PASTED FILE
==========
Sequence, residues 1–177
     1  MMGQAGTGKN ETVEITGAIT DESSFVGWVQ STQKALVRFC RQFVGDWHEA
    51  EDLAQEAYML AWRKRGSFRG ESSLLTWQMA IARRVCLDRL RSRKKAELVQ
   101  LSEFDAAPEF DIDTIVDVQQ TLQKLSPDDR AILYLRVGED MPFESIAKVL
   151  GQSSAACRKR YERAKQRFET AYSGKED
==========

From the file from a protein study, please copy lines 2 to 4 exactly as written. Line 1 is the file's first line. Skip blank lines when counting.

     1  MMGQAGTGKN ETVEITGAIT DESSFVGWVQ STQKALVRFC RQFVGDWHEA
    51  EDLAQEAYML AWRKRGSFRG ESSLLTWQMA IARRVCLDRL RSRKKAELVQ
   101  LSEFDAAPEF DIDTIVDVQQ TLQKLSPDDR AILYLRVGED MPFESIAKVL